The Indian and European

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The Indian and the European
(The American Nation)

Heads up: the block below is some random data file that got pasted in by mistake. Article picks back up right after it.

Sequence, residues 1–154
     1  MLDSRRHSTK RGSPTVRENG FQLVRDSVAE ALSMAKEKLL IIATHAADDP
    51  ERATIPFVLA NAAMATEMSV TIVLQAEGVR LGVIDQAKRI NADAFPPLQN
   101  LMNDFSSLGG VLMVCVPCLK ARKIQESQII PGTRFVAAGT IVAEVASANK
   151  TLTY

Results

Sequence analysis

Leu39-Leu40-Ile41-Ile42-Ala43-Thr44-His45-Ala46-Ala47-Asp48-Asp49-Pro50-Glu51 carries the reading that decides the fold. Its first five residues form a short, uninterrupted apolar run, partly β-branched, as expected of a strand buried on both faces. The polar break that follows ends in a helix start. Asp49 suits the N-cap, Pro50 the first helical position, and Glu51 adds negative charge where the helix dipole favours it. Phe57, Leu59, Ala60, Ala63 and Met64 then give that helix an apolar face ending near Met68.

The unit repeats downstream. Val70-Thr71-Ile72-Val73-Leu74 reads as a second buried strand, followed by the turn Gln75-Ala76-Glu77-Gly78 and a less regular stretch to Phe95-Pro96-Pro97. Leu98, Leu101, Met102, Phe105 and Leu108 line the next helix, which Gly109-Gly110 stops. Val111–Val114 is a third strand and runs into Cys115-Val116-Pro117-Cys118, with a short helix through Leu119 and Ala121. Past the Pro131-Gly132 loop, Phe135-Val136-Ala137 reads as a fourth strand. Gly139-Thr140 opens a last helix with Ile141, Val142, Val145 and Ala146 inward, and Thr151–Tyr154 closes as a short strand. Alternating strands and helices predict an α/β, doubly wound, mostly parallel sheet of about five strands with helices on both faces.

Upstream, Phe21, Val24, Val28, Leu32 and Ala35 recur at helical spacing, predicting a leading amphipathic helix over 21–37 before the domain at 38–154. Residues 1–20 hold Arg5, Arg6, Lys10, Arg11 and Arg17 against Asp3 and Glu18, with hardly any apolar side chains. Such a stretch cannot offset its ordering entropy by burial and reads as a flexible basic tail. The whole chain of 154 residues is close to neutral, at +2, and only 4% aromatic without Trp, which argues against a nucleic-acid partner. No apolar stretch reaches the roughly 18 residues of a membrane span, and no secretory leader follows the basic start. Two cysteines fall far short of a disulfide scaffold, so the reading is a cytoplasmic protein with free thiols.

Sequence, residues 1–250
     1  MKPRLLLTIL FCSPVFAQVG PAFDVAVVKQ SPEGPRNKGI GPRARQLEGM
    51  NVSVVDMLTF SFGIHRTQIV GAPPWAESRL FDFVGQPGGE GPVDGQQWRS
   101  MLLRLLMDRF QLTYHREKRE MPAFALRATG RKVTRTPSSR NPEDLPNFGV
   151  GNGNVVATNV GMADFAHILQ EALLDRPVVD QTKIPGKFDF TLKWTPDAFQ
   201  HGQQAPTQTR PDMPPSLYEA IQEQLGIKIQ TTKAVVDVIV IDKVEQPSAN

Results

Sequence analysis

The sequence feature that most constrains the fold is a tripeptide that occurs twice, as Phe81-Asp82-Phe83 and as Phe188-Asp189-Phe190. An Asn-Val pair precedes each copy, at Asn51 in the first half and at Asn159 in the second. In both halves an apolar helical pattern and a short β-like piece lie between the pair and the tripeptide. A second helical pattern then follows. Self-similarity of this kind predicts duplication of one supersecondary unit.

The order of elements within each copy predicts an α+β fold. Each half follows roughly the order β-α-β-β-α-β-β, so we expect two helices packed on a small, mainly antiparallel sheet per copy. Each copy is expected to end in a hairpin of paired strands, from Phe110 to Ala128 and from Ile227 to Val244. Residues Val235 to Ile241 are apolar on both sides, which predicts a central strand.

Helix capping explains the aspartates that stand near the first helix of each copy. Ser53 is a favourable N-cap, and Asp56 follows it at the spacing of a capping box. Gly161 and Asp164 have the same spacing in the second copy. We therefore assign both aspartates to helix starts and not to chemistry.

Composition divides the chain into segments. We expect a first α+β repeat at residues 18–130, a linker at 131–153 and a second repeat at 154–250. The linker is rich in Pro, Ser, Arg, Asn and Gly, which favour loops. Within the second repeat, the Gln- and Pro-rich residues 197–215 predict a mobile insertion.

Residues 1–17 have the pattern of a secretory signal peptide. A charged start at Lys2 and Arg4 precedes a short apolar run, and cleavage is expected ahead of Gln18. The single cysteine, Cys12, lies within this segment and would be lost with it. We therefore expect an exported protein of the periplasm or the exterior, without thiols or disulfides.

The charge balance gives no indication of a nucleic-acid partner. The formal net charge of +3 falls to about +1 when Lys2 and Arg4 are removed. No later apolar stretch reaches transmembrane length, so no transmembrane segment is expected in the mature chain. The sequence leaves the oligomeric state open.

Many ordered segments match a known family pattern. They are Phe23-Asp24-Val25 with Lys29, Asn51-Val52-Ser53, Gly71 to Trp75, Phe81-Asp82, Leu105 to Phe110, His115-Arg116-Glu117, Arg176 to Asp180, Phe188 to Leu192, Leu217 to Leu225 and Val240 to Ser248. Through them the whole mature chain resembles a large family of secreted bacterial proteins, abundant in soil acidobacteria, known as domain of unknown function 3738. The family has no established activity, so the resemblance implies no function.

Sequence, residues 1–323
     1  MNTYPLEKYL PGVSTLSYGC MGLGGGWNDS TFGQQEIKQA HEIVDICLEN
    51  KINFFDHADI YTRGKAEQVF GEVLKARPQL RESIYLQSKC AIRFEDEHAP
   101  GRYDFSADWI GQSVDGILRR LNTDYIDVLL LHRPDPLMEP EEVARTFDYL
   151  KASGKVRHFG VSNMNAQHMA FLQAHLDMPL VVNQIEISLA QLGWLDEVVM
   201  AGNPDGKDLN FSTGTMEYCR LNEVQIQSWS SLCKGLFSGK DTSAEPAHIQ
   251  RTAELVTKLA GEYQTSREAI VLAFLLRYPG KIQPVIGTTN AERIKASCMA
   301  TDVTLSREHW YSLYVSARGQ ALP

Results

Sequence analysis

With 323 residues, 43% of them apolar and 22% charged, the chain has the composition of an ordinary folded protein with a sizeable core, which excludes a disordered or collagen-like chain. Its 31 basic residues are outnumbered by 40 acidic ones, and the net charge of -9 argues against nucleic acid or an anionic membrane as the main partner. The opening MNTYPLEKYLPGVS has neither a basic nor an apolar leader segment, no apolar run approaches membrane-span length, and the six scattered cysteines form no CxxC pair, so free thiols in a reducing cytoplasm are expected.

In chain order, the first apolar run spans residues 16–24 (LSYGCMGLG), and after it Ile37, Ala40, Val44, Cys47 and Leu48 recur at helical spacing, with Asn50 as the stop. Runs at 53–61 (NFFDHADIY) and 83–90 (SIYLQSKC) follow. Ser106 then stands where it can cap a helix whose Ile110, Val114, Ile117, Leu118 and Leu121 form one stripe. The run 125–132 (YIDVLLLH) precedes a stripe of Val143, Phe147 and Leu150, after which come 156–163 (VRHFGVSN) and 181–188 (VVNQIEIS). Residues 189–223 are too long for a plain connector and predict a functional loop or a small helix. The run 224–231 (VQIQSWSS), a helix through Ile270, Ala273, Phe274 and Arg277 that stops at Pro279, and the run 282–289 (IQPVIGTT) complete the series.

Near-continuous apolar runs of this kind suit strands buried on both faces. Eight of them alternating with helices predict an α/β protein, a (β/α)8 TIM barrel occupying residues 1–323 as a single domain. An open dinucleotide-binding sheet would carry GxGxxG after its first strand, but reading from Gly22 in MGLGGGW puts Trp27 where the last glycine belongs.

The conquistadores were brave and imaginative men, well worthy of their fame. It must not, however, be forgotten that they wrenched their empire from innocent hands; in an important sense, the settlement of the New World, which the historian Francis Jennings has called "the invasion of America," ranks among the most flagrant examples of unprovoked aggression in human history. When Columbus landed on San Salvador he planted a cross, "as a sign," he explained to Ferdinand and Isabella, "that your Highnesses held this land as your own." Of the Lucayans, the native inhabitants of San Salvador, Columbus wrote: "The people of this island . . . are artless and generous with what they have, to such a degree as no one would believe. . . . If it be asked for, they never say no, but rather invite the person to accept it, and show as much lovingness as though they would give their hearts." The Indians of San Salvador behaved this way because to them the Spaniards seemed the very gods. "All believe that power and goodness dwell in the sky," Columbus reported, "and they are firmly convinced that I have come from the sky." The products of Europe fascinated the Indians. The early observer Thomas Harriot noticed that such everyday things as compasses, magnets, burning glasses, and clocks seemed to them "rather the works of gods than of men." More understandable things like knives, hatchets, and even fishhooks made of metal were beyond price to a people whose own technology was still in the Stone Age. Columbus also remarked of the Lucayans: "These people are very unskilled in arms . . . with fifty men they could all be subjected and made to do all that one wished." He and his compatriots tricked and cheated the Indians at every turn. Before entering a new area, Spanish generals customarily read a Requerimiento (requirement) to the inhabitants. This long-winded document recited a Spanish version of the history of the human race...
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